Springfield, MO

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Commission works on proposal to replace pension fund tax

Proposed funding categories would align with Springfield’s 20-year plan

Posted 5/31/24

Proposed funding categories would align with Springfield’s 20-year plan.

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I hope that your readers understand that the other cities and towns sales tax includes state tax. Plus, the other side of the pancake is expressed as follows:

I guess that the question is when does sales tax become prohibitive to the growth of Springfield? The current sales tax is 2.125% for Springfield and 1.75% Greene County. The State sales tax is 4.225% for a combined 8.1%, (state, county and city). 50% of the Springfield sales taxes have sunset terms; some ending in 2025 and separate taxes for capital projects and transportation projects ending in 20 years. Although the Springfield rate is comparable with surrounding states, counties and cities, if the rate was 50% lower, would we generate more business for Springfield and Greene County?

The City (administration and probably City Council) wants us to vote in November 2024 to restructure the current sales tax for Policemen and Firemen Pension Fund bailout (0.75% sales tax) that expires in the Spring of 2025. Council has appointed a Citizens Tax Commission with indviduals representing not for profit, government, neighborhood development and education with a few from traditional commercial businesses. These community minded individuals are devoting their time and talents to assess a) the possible extension of this tax, b) the changes in the tax rate to possibly 1%-certainly not lower than the current .075% and c) a change in sunset term from 5 years to 10, 20 or maybe make it permanent.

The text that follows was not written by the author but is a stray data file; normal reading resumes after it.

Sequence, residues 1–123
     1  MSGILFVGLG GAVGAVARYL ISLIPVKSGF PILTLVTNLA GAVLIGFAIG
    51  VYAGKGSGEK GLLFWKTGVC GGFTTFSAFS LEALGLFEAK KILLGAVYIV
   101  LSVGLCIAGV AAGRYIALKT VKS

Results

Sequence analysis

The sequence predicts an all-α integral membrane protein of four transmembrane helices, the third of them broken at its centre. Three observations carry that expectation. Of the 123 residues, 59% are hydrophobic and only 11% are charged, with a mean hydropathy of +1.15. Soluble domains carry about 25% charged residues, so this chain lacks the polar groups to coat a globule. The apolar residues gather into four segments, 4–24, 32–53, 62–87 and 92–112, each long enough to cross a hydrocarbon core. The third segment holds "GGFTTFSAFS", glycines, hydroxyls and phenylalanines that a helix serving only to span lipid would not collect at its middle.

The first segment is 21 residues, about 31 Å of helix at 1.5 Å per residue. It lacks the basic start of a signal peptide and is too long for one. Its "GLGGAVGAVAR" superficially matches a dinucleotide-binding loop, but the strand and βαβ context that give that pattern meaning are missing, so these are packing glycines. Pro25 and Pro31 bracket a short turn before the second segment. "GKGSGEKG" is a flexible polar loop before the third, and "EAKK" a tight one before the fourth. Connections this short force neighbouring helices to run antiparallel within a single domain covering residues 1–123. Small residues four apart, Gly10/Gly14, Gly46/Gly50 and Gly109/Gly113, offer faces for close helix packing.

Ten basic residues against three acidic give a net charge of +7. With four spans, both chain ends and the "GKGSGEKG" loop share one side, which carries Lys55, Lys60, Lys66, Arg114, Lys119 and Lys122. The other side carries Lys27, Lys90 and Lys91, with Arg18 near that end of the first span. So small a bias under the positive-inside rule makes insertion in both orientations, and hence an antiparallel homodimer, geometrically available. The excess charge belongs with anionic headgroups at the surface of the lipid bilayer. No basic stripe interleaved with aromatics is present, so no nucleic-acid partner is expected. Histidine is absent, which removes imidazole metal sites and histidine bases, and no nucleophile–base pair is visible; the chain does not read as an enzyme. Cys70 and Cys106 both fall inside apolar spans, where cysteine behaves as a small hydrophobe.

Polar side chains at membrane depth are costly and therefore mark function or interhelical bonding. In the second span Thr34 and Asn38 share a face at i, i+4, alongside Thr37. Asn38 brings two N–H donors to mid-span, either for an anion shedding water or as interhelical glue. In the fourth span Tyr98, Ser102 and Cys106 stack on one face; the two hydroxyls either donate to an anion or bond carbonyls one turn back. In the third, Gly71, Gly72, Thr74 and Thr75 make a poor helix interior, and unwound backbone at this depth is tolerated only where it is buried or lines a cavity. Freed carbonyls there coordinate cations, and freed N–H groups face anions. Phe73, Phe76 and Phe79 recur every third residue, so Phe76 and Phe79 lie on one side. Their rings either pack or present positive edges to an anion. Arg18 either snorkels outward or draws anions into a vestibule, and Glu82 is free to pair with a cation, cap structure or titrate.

Additionally, they are struggling with the structure of ballot language that supports the use of these funds. Should specific projects be listed or use broad categories that gives the City much more flexibility and less initial visibility to voters? Such usages being considered include but not limited to, public safety initiatives, healthy neighborhoods, beautification, Forward SFG, facilities and equipment. They also are helping the City Council with ballot language that will sell the extension of the tax. One of the members has warned that they should not be too specific in case the state and federal governments come up with funds that the City could grab or, God for forbid, we miss out on free money from other governmental sources that has been provided by the taxpayers!!

So, what am I complaining about? It is not the pension fund; we owe Springfield firemen and policemen their pension even if the contract terms may not have been financially favorable to long-term support by the taxpayer. We owed it; we paid it. But I believe that taxpayers are entitled to be represented by fiduciarily cognizant folks who we employ, who we elect and who choose to serve on our city commissions and boards. Every time they make a financial decision as part of that process, one, not the only, but one of the considerations is “if this was my money would I spend it in this manner?”

And finally, do I want to turn over $45,000,000 a year, $450,000,000 for ten years, or $900,000,000 for 20 years to the same crew who said we were going to spend $3,500,000 to rehab a dilapidated old historical footbridge that now will cost $10,000,000 of which we are borrowing around $3.5 million and paying interest.

I know, I know, I should move to Joplin or St. Joe if I am so unhappy. But I am not unhappy. I just believe that there must be fiduciary accountability. In today’s political environment, fiscal controls and constraints have been sorely trashed and if the Council does not provide such oversight, we as voters and taxpayers must be vigilant and demand such accountability.

Monday, June 3
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